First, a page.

I’ve simplified them a bit. While the factors are usually presented as percentages, that’s more useful over a full season. In a single game, the raw numbers in each category are easier to understand.

Four Factors: Celtics 120 at Warriors 112

FOUR FACTORS CELTICS WARRIORS
FOUR FACTORS CELTICS WARRIORS
EFG 0.629 0.551
OREB 7 12
TOV 12 14
FTM 13 11
PACE 95
ORTG 126 113

Key Stats

Below are a few performance metrics, including the Player Production Average (PPA) Game Score (very similar to the one I used to call Scoreboard Impact Rating). PPA is my overall production metric, which credits players for things they do that help a team win (scoring, rebounding, playmaking, defending) and dings them for things that hurt (missed shots, turnovers, bad defense, fouls).

Game Score (GmSC) converts individual production into points on the scoreboard. The scale is the same as points and reflects each player’s total contributions for the game. The lowest possible GmSC is zero.

PPA is a per possession metric designed for larger data sets. In small sample sizes, the numbers can get weird. But some readers prefer it, so I’m including PPA scores as well. Reminder: in PPA, 100 is average, higher is better and replacement level is 45. For a single game, replacement level isn’t much use, and I reiterate the caution about small samples producing weird results.

POSS is the number of possessions each player was on the floor in this game.

PTS = points scored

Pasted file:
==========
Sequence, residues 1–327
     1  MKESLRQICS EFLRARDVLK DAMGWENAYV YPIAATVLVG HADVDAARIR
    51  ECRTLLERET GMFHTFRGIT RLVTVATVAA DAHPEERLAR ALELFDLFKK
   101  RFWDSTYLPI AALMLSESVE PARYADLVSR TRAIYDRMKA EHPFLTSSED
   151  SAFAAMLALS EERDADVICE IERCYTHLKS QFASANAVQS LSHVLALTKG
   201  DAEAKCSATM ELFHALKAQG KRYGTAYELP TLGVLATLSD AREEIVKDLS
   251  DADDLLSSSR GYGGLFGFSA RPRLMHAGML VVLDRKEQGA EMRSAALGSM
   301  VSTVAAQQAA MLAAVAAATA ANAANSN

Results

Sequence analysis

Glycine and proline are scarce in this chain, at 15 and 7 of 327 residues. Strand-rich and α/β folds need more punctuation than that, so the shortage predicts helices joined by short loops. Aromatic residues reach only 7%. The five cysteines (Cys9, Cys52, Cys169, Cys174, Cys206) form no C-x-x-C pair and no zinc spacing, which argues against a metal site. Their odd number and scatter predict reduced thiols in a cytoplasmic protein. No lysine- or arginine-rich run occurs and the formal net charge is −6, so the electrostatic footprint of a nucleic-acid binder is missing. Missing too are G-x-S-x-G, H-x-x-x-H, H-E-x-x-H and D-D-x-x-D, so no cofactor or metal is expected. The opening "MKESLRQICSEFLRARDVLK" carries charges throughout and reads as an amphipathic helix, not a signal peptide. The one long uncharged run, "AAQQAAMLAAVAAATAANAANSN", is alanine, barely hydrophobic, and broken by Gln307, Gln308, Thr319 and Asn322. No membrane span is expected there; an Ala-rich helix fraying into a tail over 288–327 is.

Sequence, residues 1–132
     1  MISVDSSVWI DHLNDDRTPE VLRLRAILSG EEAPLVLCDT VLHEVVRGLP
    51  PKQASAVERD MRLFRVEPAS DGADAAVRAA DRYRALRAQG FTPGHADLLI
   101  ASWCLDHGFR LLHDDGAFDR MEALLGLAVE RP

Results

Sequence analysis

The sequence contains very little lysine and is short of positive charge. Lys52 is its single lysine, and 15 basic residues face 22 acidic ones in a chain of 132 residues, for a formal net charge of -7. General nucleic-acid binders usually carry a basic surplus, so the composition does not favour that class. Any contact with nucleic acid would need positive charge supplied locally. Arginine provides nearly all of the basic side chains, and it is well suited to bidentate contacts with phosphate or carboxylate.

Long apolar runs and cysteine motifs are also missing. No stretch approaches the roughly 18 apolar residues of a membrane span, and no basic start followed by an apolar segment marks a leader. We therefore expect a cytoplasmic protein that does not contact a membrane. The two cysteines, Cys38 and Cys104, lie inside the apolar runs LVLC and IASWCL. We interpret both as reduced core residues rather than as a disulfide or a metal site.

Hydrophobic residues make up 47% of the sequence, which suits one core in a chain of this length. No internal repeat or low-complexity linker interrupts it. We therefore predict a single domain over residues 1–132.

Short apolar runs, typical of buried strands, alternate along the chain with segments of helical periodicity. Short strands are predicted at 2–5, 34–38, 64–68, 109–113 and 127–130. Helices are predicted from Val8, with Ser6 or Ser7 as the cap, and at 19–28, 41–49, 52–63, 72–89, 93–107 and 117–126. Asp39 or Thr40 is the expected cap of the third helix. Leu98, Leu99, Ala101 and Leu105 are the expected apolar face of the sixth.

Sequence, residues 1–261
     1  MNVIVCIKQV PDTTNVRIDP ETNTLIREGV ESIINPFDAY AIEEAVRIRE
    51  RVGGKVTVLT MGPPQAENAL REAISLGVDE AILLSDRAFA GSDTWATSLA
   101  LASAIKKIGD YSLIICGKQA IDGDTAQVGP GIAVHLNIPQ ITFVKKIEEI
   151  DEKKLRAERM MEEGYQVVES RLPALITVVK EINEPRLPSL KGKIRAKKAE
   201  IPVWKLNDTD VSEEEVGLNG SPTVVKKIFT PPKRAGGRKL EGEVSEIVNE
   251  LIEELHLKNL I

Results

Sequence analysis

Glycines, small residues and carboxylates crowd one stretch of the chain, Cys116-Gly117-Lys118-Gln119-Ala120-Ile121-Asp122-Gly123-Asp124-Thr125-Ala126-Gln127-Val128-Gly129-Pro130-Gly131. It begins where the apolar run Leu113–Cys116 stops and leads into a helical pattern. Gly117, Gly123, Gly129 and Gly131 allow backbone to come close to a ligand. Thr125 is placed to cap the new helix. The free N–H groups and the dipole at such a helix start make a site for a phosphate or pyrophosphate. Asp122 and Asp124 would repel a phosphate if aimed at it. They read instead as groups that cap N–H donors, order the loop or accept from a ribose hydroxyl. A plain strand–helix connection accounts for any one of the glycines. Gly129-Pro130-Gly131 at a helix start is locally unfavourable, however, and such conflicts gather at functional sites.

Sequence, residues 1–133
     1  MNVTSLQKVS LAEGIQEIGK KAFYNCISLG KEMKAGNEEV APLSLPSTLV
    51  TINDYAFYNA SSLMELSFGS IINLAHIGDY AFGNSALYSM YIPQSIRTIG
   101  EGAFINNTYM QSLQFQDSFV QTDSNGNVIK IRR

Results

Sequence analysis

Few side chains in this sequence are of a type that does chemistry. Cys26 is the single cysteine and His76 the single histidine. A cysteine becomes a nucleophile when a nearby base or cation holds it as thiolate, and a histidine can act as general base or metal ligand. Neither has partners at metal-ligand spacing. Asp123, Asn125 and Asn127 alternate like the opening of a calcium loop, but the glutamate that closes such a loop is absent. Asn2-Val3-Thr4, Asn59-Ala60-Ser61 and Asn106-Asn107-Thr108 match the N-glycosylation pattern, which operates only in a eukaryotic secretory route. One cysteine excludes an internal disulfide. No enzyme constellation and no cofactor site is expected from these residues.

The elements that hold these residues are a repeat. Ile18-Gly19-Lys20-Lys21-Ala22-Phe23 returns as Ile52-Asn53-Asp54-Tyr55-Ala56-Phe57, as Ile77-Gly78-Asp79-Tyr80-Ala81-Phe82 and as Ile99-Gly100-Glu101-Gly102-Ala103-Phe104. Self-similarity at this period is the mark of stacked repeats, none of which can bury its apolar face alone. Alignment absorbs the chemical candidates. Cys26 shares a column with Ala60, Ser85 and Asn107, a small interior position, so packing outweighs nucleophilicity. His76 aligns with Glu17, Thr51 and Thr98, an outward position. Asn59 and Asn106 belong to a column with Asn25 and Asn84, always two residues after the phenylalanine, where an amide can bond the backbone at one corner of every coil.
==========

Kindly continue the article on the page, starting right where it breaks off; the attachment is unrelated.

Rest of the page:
ORTG = offensive rating, which is points produced per individual possessions x 100. League average this season is 111.7. Points produced is not the same as points scored. It includes the value of assists and offensive rebounds, as well as sharing credit when receiving an assist.

USG = offensive usage rate. Average is 20%.

ORTG and USG are versions of stats created by Wizards assistant coach Dean Oliver and modified slightly by me. ORTG is an efficiency measure that accounts for the value of shooting, offensive rebounds, assists and turnovers. USG includes shooting from the floor and free throw line, offensive rebounds, assists and turnovers.

Key Stats: Celtics

CELTICS MIN POSS PTS ORTG USG PPA GmSC +/-
CELTICS MIN POSS PTS ORTG USG PPA GmSC +/-
Al Horford 33 65 26 172 19.6% 327 34.5 9
Marcus Smart 30 59 18 178 15.3% 318 30.7 -1
Derrick White 32 63 21 149 19.3% 197 20.2 25
Jaylen Brown 38 75 24 97 30.3% 140 17.2 22
Payton Pritchard 16 31 8 213 11.6% 315 15.8 14
Robert Williams III 24 48 8 133 11.0% 155 12.1 -1
Daniel Theis 6 12 3 308 6.0% 128 2.5 -3
Jayson Tatum 42 83 12 89 24.5% 7 1.0 16
Grant Williams 16 32 0 84 6.7% 6 0.3 -6
Malik Fitts 1 2 0 0.0% 0 0.0 -3
Nik Stauskas 1 2 0 0.0% 0 0.0 -3
Luke Kornet 1 2 0 0.0% 0 0.0 -3
Juwan Morgan 1 2 0 0.0% 0 0.0 -3
Sam Hauser 1 2 0 0.0% 0 0.0 -3

Key Stats: Warriors

WARRIORS MIN POSS PTS ORTG USG PPA GmSC +/-
WARRIORS MIN POSS PTS ORTG USG PPA GmSC +/-
Stephen Curry 38 76 34 129 30.3% 226 28.0 -9
Andrew Wiggins 35 69 20 125 18.7% 149 16.8 -11
Otto Porter Jr. 24 47 12 198 9.8% 211 16.0 -18
Kevon Looney 25 50 4 124 16.7% 154 12.6 -2
Klay Thompson 39 77 15 124 14.4% 88 11.0 -9
Nemanja Bjelica 1 2 3 299 60.9% 2054 5.3 3
Andre Iguodala 12 24 7 155 19.3% 104 4.0 -6
Jonathan Kuminga 1 2 0 0.0% 0 0.0 3
Juan Toscano-Anderson 1 2 0 0.0% 0 0.0 3
Moses Moody 1 2 0 0.0% 0 0.0 3
Draymond Green 38 75 4 54 19.7% -78 0.0 -1
Jordan Poole 25 50 9 82 22.5% -48 0.0 -19
Damion Lee 1 2 0 0 45.5% -570 0.0 3